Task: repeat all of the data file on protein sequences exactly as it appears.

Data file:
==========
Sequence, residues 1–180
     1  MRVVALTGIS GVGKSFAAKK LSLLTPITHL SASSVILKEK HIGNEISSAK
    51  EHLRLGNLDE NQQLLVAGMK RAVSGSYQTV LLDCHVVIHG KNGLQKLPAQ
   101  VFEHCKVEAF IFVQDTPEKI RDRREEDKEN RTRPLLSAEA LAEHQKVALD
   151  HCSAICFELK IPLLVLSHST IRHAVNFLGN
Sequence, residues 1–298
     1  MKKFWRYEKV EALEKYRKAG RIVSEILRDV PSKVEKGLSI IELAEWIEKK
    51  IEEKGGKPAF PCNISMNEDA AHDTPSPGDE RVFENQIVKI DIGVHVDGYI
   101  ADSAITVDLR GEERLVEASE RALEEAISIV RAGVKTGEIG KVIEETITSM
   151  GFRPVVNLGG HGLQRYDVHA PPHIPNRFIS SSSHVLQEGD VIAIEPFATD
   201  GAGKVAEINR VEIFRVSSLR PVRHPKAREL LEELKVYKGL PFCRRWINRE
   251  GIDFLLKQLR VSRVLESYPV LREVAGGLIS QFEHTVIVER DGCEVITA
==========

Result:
Sequence, residues 1–180
     1  MRVVALTGIS GVGKSFAAKK LSLLTPITHL SASSVILKEK HIGNEISSAK
    51  EHLRLGNLDE NQQLLVAGMK RAVSGSYQTV LLDCHVVIHG KNGLQKLPAQ
   101  VFEHCKVEAF IFVQDTPEKI RDRREEDKEN RTRPLLSAEA LAEHQKVALD
   151  HCSAICFELK IPLLVLSHST IRHAVNFLGN
Sequence, residues 1–298
     1  MKKFWRYEKV EALEKYRKAG RIVSEILRDV PSKVEKGLSI IELAEWIEKK
    51  IEEKGGKPAF PCNISMNEDA AHDTPSPGDE RVFENQIVKI DIGVHVDGYI
   101  ADSAITVDLR GEERLVEASE RALEEAISIV RAGVKTGEIG KVIEETITSM
   151  GFRPVVNLGG HGLQRYDVHA PPHIPNRFIS SSSHVLQEGD VIAIEPFATD
   201  GAGKVAEINR VEIFRVSSLR PVRHPKAREL LEELKVYKGL PFCRRWINRE
   251  GIDFLLKQLR VSRVLESYPV LREVAGGLIS QFEHTVIVER DGCEVITA